By the Rev. Tim Schenck
By now most people have abandoned their New Year’s resolutions. Perhaps yours is still hanging on by a thread or maybe you’ve defied the odds and it’s still going strong. But many have lost the will to get up and go to the gym in the dark before work; many have ditched the diet after the first week of self-denial; many have gone back to drinking Diet Coke for breakfast.
When you make a resolution you can’t keep you’re left with one thing: guilt. This is the reason I don’t make New Year’s resolutions. There’s nothing worse than setting yourself up for failure and then chewing on the guilt of good intentions. Sure, I’ll give something up or take something on during Lent, the 40-day season that precedes Easter, as a spiritual discipline but for a number of years I’ve resolved to not make resolutions in the aftermath of a new calendar year. And I’ve kept this resolution with resounding success.
There’s already enough guilt floating around in our lives to fill an ark. We feel guilty that we’re not spending enough time with our children; we feel guilty that we put our aging mother into a nursing home; we feel guilty that we never wrote the great American novel; we feel guilty that we’re not putting in enough hours at work. I’m not sure that “America Runs on Dunkin’” but it sure runs on guilt.
When it comes to religion, there’s plenty of guilt to go around. Dare I say some faith traditions even thrive on it? People feel guilty when they don’t go to church – I can’t tell you the number of people who give me excuses for why they haven’t been in a while when they run into me at the grocery store (oh, who am I kidding? It’s not the grocery store but the local coffee shop). And many are burdened with the guilt of being not-a-good-enough “fill-in-the-blank denominational affiliation.”
So many people approach their faith lives in a posture of guilt rather than one of joy. This is, of course, no way to enter a fruitful relationship with the divine. Guilt is not good for the soul (though it does serve as a great motivator to call your mother).
Rather than guilt I like to think in terms of invitation because God doesn’t want us to attend to our faith lives out of guilt but out of invitation. God welcomes us back again and again; God beckons us to return. God doesn’t say “If you really loved me you’d join a church committee” which is a good thing since there’s only so much bad coffee one should be subjected to in a lifetime.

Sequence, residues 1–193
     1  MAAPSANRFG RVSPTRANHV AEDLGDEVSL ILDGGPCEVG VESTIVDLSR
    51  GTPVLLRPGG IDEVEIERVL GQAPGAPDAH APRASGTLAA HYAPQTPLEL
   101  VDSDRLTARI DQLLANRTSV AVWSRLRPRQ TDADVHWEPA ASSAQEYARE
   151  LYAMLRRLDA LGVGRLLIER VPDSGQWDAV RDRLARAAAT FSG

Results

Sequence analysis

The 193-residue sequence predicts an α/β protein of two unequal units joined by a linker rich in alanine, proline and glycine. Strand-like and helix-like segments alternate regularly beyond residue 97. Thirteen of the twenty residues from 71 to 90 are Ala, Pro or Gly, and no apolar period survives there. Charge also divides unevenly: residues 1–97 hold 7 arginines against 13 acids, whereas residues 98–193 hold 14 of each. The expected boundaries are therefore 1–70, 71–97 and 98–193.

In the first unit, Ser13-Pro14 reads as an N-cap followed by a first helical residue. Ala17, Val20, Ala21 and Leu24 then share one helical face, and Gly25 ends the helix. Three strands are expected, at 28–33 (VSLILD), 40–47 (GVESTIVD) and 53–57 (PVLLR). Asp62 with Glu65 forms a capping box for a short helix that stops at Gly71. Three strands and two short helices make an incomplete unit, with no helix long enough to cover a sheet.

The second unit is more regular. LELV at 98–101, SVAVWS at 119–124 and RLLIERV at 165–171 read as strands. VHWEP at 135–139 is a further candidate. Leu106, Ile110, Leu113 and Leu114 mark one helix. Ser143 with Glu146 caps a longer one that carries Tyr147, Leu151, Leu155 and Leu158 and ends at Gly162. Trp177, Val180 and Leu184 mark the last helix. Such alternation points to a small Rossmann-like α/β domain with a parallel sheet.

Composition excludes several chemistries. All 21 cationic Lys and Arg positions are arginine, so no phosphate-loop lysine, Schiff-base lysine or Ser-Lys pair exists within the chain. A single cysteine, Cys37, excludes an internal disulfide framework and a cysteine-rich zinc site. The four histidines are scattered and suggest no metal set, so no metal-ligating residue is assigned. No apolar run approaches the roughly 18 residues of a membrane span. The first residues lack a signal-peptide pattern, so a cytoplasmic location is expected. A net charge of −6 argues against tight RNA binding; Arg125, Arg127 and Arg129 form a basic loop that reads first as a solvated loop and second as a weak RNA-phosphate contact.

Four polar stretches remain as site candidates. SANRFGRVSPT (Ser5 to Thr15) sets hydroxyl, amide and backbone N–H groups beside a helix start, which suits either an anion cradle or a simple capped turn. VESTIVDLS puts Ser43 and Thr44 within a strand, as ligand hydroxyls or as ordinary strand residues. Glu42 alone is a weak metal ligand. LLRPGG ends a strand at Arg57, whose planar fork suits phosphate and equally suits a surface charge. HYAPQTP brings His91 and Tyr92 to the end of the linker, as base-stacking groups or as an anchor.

This doesn’t mean you shouldn’t go to church or that the notion of being “spiritual but not religious” is anything but an easy way out. At their best, faith communities provide accountability along with inspiration and invitation. It’s a lot easier to worship together than it is in isolation and Jesus himself, after all, invited a community of disciples to share in his earthly journey. He wasn’t a lone ranger going it alone but formed a group of people passionate about being drawn ever-closer to God.
One of my mother’s mantras has always been “I don’t do guilt.” For years I thought she meant she didn’t lay guilt trips on others. But I recently found out that she meant “I don’t accept guilt heaped on me by others” (yes, a Freudian therapist could have a field day with this). But while guilt is part of the human condition and unavoidable in certain situations, it is important to recognize it for what it is and what it is not. Guilt is a human response to a perceived short-coming. It should not be confused with sin which is a barrier to relationship with God. But guilt itself is not from God; rather it is a self-imposed condition.
If you made it to the end of this article at least you don’t have to feel guilty for not finishing what you started. And if you quit in the middle, well, you can always pick it up again during Lent. In the meantime, lay off the guilt. Life’s hard enough without it.